Introduction of Barberry:European barberry or Berberis vulgaris.

Popular Herbs. ✵The article gives records of the herb Barberry, its English name, Latin name, common names, property and flavor, its botanical source one plant species, ①.Berberis vulgaris L., with a detailed introduction to the botanical features of this plant species, the growth characteristics, and ecological environment of this plant species, the features of the herb Barberry, its pharmacological actions, medicinal efficacy, and administration guide.

Barberry(European barberry).

Berberis vulgaris:flowering plant English Name: Barberry.
 Latin Name: Berberis vulgaris L.
 Common Names: Berberis, Common barberry, European barberry, Berberry, Pepperidge bush, Pipperidge, Jaundice Berry, Sowberry, Sour-spine, Mountain Grape, Woodsour.
 Property and flavor: The root bark is cold in nature, tastes bitter. The flesh of the fruit is juicy and sour.

 Brief introduction: The Berberis vulgaris is native to central and Southern Europe, it is cultivated for its fruits in many countries.

 Botanical source: Common herbal classics defined the herb Barberry as the dried stem and root bark of the species (1). Berberis vulgaris L. It is a plant species of the Berberis genus, the Berberidaceae family (the barberry family). The dried stem and root bark are used medicinally in North America. In Europe, the fruit and the root bark are used medicinally. This commonly used species is introduced as:

(1).Berberis vulgaris L.

 Berberis vulgaris:flowering plant Botanical description: Berberis vulgaris is also known as European Berberis, a plant of the Berberis genus and Berberidaceae family, it is a deciduous and heavily branched thorny bush, that grows up to 2 meters high, the thorny branches are angular, deeply grooved, and the fresh branch is brownish yellow, old branch gradually turns whitish gray. The thorns are 1~2 cm long and stick out horizontally. The leaves are in bunches and are obovate to elliptoid, 2~4 cm long and narrow, dark green, and reticulated, the edge is dentate. The flowers are yellow, 5~7 cm long, and form dense and hanging clusters.6 yellow sepals and 6 petals with orange honey glands at the base, the 6 stamens burst open at the side. The ovary is superior with a flat stigma. The fruit is a bright scarlet, oblong-cylindrical berry, 10~12 mm long and 6 mm thick. The exocarp is membranous-coriaceous, it usually has 2 seeds. The flowers have a repulsive smell, the stamens lie on the carpels at the slightest touch. The flesh of the fruit is juicy and sour.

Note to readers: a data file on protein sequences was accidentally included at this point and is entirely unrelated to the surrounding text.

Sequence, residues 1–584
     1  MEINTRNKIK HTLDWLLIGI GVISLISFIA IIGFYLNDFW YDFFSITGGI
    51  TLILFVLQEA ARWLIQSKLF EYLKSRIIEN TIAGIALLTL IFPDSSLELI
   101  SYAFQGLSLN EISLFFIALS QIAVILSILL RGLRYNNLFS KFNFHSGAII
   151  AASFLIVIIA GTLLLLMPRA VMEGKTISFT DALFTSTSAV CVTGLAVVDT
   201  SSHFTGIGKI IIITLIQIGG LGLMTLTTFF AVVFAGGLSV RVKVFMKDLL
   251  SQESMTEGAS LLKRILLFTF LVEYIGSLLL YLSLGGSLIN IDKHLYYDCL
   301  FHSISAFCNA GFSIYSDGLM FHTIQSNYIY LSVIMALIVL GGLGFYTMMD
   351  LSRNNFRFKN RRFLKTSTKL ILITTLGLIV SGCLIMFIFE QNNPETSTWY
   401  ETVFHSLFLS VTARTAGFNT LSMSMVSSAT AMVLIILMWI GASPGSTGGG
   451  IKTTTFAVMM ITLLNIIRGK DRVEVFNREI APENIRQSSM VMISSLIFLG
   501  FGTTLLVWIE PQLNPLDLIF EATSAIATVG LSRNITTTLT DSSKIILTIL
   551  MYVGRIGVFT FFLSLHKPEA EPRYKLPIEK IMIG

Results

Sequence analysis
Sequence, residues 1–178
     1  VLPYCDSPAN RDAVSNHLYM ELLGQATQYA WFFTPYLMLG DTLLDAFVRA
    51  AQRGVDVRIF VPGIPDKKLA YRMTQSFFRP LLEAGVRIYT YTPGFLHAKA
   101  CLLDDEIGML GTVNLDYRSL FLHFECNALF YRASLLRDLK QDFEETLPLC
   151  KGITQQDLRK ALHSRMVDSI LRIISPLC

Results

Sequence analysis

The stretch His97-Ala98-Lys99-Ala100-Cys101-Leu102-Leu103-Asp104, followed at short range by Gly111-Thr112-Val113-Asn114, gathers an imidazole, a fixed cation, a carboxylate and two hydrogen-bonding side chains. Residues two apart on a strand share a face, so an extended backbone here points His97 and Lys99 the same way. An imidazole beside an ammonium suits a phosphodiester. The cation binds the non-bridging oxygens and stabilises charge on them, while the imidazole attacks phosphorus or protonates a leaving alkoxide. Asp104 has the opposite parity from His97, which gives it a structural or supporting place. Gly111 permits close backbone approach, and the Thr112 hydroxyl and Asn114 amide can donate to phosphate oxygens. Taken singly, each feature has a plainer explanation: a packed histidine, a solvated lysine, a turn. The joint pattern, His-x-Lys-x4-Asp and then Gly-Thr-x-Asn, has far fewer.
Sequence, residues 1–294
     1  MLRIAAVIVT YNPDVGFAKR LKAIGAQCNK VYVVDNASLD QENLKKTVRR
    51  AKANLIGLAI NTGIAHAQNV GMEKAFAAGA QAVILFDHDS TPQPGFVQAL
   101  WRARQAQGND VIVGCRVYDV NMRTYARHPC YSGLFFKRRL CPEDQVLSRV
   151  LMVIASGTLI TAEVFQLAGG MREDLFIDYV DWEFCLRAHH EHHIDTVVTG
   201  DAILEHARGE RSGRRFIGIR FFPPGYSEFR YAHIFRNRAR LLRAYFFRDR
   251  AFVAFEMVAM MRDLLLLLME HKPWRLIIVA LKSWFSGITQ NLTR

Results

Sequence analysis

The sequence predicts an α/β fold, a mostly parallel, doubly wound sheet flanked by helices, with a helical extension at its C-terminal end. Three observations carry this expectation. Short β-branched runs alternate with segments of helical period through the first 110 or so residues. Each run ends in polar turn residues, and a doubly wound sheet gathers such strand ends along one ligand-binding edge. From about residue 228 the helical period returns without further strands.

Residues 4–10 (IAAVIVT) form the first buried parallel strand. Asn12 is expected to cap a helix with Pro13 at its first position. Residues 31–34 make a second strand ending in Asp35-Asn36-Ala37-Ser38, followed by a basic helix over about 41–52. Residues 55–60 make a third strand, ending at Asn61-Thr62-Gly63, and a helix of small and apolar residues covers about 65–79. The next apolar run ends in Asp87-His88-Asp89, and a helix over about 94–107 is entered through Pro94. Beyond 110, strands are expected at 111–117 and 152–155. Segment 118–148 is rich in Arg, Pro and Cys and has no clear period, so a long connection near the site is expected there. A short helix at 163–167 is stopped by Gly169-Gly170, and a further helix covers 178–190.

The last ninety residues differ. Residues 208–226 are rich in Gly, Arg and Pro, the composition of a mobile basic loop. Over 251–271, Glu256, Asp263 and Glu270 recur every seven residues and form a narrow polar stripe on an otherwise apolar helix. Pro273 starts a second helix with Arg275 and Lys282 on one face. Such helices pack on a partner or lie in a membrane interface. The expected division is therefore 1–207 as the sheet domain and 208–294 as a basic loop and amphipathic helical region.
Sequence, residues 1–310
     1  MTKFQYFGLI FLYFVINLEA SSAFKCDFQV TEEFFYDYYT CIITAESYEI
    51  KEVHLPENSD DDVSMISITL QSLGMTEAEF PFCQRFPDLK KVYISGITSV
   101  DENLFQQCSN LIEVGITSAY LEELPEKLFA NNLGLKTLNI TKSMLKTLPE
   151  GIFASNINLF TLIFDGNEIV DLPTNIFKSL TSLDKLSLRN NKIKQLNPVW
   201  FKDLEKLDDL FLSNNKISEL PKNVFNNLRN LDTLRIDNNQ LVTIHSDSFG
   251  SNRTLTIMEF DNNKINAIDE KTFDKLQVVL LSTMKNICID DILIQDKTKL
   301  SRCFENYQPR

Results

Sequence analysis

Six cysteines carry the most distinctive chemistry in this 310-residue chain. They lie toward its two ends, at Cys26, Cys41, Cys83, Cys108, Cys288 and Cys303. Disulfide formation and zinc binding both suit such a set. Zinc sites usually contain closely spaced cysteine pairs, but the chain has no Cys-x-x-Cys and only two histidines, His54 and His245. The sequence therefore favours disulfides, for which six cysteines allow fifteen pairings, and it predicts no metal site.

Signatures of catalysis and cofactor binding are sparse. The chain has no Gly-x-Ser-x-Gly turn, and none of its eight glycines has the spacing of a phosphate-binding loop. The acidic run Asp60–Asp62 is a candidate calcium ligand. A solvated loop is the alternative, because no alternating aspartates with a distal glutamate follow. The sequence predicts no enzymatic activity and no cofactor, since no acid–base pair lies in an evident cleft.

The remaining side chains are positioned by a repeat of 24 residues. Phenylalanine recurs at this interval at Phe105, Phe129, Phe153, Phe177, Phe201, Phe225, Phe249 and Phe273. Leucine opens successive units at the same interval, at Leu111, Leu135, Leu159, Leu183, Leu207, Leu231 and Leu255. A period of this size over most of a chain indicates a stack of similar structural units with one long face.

Berberis vulgaris:flowering plant Ecological environment: Berberis vulgaris grows in light deciduous woodland, hedges, shady edge, woodland garden dappled shade, roadsides, clearings, etc. Berberis vulgaris is native to central and Southern Europe, northwest Africa, and Western Asia, and now grows in Northern Europe, including the British Isles and Scandinavia, eastern North America continent, in rural New Zealand, it has been widely cultivated as a hedge on farms.

 Growth characteristics: Berberis vulgaris preferring a sunny position, prefers a warm moist loamy soil, but it is by no means fastidious, succeeding in thin, dry, and shallow soils, grows well in heavy clay soils. Succeeds in full sun or light shade but requires moist soil when grown in the shade of trees.

 Berberis vulgaris is the host plant of wheat rust, which will greatly reduce wheat yield, so some countries or regions prohibit the import or planting of Berberis vulgaris.

 Characters of herbs: Barberries are the ripe fruit of Berberis vulgaris. Barberry rootbark or berberis bark is the dried root bark of Berberis vulgaris. Berberis aquifolium is a closely related American variety that is often used in commercially available Oregon Grape products.

 Pharmacological actions: ①.Cardiovascular effect; ②.Cholagogue effect; ③.Antipyretic effect; ④.Antiboitic effect; ⑤.Stimulation of intestinal peristalsis; ⑥.stimulating the white blood cells or macrophages; etc.